Find the extremals of with and subject to the constraint

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- Aug 25th 2010, 08:27 PMMaccamanExtremal trouble
Find the extremals of with and subject to the constraint

- Aug 26th 2010, 02:18 AMAckbeet
What ideas have you had so far?

- Aug 26th 2010, 04:51 AMMaccaman
Okay, first of all, could you please what extremals are in a physical sense? I don't quite understand that.

Anyway, I haven't got very far, but here is what I have.

Since is independent of , it follows from the Euler-Lagrange equation that

so

Therefore

I don't really know where to go from here. - Aug 26th 2010, 05:14 AMAckbeet
You're doing calculus of variations here. Calculus of variations is all about finding functions that maximize or minimize a function

. A functional, in this case, maps functions to numbers. Your functional in this problem is**al**

So you have to find an extremum, or extremal, (doesn't matter if it's a min or a max) of this functional over the collection of functions such that

and

I don't think your application of the Euler-Lagrange equations is correct. Moreover, in order to satisfy the integral constraint of

I think you're going to have to use the method of Lagrange multipliers. You should incorporate the Lagrange multiplier before you apply the Euler-Lagrange equation.

Does any of this ring a bell? - Sep 11th 2010, 11:52 PMMaccaman
Yes, when I originally posted this we hadn't done it in class yet and I was trying to get ahead. Now I have something......

Define

and

The Lagrangian is

We can apply the Euler-Lagrange equation to obtain

and therefore

So

(where c is a constant and k is a constant)

Then from we have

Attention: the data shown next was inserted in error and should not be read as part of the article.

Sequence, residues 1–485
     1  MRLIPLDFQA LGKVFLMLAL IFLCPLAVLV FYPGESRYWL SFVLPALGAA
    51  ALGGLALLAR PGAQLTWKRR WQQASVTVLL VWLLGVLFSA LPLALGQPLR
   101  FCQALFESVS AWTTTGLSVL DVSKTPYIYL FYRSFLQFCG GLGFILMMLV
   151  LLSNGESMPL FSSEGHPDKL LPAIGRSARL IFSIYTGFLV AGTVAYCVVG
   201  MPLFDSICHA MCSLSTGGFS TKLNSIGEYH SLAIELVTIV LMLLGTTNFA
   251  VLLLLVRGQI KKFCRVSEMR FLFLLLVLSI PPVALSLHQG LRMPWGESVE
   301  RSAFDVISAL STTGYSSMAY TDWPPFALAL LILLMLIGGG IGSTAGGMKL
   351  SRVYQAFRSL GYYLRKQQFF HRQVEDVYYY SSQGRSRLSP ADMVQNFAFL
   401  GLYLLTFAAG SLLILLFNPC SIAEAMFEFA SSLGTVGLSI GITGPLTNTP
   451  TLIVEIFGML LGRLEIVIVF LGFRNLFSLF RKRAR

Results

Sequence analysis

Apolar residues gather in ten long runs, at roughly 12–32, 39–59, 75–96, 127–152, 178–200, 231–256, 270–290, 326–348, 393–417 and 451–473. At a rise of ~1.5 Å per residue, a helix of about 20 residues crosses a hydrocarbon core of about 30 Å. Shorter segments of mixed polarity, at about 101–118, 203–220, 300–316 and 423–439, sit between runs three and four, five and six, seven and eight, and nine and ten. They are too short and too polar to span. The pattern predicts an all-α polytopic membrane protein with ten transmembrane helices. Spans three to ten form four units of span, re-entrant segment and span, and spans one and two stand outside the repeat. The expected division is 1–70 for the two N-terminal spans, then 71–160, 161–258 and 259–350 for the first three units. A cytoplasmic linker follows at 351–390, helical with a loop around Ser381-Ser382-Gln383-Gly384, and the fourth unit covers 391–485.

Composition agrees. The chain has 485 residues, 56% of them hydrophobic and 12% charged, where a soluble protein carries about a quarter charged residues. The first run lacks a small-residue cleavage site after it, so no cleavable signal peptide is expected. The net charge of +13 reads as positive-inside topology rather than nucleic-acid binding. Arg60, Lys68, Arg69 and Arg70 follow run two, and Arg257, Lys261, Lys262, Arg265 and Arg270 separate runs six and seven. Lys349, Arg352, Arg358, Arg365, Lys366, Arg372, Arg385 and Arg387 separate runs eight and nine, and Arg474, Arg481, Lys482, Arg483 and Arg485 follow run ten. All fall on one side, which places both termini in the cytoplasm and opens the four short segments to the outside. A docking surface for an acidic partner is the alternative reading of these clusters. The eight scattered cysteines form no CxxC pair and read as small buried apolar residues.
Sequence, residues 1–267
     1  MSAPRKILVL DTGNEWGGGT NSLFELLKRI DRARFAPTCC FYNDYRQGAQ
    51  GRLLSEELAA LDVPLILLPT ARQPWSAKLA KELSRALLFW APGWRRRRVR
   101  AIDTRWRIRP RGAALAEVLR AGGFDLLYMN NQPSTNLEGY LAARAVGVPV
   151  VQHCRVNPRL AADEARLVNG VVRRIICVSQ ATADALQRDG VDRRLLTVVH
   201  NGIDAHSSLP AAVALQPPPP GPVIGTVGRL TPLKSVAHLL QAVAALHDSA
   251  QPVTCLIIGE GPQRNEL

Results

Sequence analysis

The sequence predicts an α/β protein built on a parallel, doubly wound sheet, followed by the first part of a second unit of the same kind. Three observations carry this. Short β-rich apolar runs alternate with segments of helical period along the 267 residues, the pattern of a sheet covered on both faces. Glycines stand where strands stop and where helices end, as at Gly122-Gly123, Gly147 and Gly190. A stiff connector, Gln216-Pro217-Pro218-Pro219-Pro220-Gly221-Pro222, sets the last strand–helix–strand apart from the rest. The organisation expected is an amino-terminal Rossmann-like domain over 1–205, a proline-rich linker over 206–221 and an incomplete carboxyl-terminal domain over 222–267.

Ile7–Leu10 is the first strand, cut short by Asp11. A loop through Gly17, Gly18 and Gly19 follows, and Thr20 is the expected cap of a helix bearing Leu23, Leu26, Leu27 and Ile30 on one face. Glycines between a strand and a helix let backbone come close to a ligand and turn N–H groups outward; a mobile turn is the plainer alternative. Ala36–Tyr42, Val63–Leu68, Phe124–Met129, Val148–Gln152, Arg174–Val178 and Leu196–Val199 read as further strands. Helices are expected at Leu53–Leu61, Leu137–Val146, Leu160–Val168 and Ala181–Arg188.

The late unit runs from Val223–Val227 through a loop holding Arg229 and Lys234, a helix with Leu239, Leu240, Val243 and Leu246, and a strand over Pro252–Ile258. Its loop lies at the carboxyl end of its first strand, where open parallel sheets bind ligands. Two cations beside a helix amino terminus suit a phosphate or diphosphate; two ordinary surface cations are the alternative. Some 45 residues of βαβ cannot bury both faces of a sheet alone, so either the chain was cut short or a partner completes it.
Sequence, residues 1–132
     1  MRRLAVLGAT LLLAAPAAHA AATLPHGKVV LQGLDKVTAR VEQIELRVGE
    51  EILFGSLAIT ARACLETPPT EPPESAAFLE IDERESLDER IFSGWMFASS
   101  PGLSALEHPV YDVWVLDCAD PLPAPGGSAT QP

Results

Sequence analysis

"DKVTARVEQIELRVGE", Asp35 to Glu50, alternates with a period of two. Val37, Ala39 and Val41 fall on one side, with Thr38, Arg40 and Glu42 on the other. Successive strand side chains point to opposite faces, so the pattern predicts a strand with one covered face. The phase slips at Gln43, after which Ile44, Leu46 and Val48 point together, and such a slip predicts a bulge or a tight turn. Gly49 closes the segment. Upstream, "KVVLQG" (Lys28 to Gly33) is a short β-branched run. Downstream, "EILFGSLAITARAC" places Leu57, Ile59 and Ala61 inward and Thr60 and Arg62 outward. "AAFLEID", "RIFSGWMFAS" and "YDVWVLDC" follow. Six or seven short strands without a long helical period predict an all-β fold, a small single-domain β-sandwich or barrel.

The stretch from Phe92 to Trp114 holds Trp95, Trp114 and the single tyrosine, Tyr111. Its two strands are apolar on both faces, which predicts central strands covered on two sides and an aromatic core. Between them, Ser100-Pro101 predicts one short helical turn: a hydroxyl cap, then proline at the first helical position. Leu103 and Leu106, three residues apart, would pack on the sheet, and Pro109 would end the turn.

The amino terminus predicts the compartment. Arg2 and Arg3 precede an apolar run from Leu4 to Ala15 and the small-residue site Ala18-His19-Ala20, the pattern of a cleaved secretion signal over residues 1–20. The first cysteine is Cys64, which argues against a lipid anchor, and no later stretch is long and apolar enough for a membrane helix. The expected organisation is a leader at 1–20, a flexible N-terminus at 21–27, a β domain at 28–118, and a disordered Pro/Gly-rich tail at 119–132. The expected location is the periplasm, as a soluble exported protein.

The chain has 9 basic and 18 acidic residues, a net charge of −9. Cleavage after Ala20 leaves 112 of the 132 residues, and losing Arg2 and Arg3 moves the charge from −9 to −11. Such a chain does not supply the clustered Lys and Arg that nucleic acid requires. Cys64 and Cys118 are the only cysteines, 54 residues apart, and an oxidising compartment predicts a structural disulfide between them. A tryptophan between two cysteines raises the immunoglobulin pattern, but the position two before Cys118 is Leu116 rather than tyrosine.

using

Using the constraint ,

and here is where I am having trouble. I don't think the next line is correct.

- Sep 13th 2010, 01:55 AMAckbeet
I don't think you're applying the B.C. x(2) = 1 correctly. Everything looks good up until that point. What I would do is this: once you've applied the B.C. x(0) = 0, you find out that C = k. So re-write x(t) using the value for k. Then apply the second boundary condition. That'll give you an equation relating lambda to C (assuming you've eliminated k - you could just as easily eliminate C. It will make no difference in the final answer.) Then apply the constraint equation. And no, I don't think you're applying the constraint equation correctly, either. Check that again, but with using the method I've outlined.

- Sep 14th 2010, 10:23 AMMaccaman
Okay. So we have determined that .

Then becomes

using

so

Using the constraint ,

Solving for Lambda....

Substituting back into k we have.....

which can be subbed back into x for the extremal - Sep 14th 2010, 10:59 AMAckbeet
You've still got a sign error in applying x(2) = 1. So here's how you get good at algebra: pretend someone is holding a gun to your head, and if you make a mistake, that someone is going to pull the trigger! Or, you can just work in a high-energy physics lab. With those 10,000 volt wires running around, if you make a mistake,

*you're dead.* - Sep 14th 2010, 05:12 PMMaccaman
Imaginary gun to my head.....check.

Working in a high-energy physics lab with 10,000 volt wires running around.....check.

Standing over a tank full of ill-tempered mutated see Bass and sharks with frickin laser-beams attached to their head for good measure....check.

Working through carefully this time I find the extremal to be

which at and at

I'm alive!(Rofl) - Sep 15th 2010, 01:59 AMAckbeet
Nope, you're dead. But you're only

*mostly dead*. Mostly dead is slightly alive. Your final answer still has one sign error in it.